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Published: November 18th 2019
Another rough night, and awoke to mild panic and a less than gentle chiding that I had forgotten to set the alarm....only 30 mins to get ready for breakfast and prepare for another busy day of activity.. We had moored in Elizabeth Bay on the west coast of Isabela..the largest island of the Galapagos. Our Panga took us on a gentle trip around the mangrove inlets, where we saw turtles, and many fish in the shallow water, many more birds, including Pelicans, penguins and the rare flightless cormorant. On return to the boat we were given the opportunity to jump in and swim or snorkel round the boat. The water was a little colder than before, despite being almost on the equator, due to us being now exposed to the cooler Cromwell Current coming from the west. No sea life was seen. We set sail then, northward to Urbina bay, at the base of Alcedo Volcano, where, following lunch, we had the chance to snorkel around rocks and a steep beach. By this time I had found the video feature on my underwater camera and filmed giant turtles, Rays, and shoals of highly coloured fish. This was followed by a hike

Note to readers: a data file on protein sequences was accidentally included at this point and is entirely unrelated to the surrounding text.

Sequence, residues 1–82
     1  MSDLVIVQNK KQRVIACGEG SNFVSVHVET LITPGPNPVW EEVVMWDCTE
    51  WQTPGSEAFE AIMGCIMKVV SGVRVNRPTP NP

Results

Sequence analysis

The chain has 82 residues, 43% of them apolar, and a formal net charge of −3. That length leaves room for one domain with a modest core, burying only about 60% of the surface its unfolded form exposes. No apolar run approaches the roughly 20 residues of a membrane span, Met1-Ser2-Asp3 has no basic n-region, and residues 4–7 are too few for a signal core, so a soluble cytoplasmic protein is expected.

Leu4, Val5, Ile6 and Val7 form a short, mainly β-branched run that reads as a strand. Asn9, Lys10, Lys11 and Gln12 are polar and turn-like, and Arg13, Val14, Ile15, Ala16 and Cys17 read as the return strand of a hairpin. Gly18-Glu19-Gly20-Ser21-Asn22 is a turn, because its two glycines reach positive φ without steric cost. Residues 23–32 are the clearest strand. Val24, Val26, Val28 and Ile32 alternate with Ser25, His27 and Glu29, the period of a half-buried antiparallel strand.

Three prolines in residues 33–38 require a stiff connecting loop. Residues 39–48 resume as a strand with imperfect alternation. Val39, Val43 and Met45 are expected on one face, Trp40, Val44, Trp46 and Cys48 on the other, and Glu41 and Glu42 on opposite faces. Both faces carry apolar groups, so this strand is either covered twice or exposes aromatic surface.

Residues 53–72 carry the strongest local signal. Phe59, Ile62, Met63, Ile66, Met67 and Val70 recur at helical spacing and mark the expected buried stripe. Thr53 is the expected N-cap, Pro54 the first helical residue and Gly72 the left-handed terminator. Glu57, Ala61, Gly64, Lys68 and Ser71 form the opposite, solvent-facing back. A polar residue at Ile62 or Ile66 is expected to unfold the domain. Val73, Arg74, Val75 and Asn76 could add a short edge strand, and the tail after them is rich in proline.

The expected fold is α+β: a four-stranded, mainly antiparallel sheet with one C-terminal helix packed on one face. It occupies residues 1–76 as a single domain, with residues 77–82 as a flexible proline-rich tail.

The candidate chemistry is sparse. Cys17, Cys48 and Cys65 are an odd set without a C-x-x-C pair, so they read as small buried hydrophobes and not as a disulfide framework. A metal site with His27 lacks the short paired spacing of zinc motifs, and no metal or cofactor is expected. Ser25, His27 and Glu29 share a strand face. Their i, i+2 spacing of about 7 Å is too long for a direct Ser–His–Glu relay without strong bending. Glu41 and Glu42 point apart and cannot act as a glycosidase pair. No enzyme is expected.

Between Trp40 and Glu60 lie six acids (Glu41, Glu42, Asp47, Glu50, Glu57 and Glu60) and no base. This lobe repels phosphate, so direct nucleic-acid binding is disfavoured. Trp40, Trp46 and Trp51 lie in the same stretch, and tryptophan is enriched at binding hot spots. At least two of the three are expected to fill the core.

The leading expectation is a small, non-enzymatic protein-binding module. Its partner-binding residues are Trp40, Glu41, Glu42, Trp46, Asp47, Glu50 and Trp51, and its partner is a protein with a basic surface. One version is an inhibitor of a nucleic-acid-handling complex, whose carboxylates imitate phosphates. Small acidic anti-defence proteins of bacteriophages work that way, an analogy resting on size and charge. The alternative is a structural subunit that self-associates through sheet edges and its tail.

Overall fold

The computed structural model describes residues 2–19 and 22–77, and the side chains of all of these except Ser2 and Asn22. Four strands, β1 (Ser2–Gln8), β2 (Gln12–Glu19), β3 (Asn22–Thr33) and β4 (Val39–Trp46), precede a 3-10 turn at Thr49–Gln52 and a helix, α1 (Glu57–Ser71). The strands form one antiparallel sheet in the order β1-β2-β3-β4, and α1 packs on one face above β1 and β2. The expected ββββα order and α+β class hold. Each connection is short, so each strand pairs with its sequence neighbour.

around and behind this raised beach. This beach and hinterland had risen 10 metres above sea level due to a seismic uplift and seashells and bits of coral could be seen far inland, some embedded in the lava rock which was everywhere on these islands. We saw Giant Tortoises and their nests in the sand, large Land Iguanas, many finches, mockingbirds, and other bird species. We finally got our chance to have our photos taken in our Castle Hotel Tee shirts, beside a Giant Tortoise waiting patiently at the side of the track. Surely the most iconic feature of these islands, along with the impressive land iguana? Worth a free pint for the international publicity, at least, John? The tortoise has set off for Portmahomack already.....should make it by his 200th birthday! Started sailing further north for a few hours to reach the shelter of Tagus bay, where we would spend the night. Moored. No noisy engines or wild pitching and rolling. 'To sleep, perchance to dream' to quote some obscure English poet. Still, better have a glass or two of wine just to make sure. Slightly disappointed that couldn't get a decent swatch of the equatorial night sky due
to full moon and navigation lights on upper deck. Managed to identify Cassiopia and Pleides, but little else. The captain reckoned it should be possible to see both Polaris in North, and Southern Cross in south (where else!), and therefore also my favourite Southern Hemisphere nebula, the Greater Magellan Cloud. But due to said lunar nuisance, and high horizon of Isabela, nae luck! Still, more than compensated by plethora of unique and incredible wildlife seen today. Onwards and upwards!
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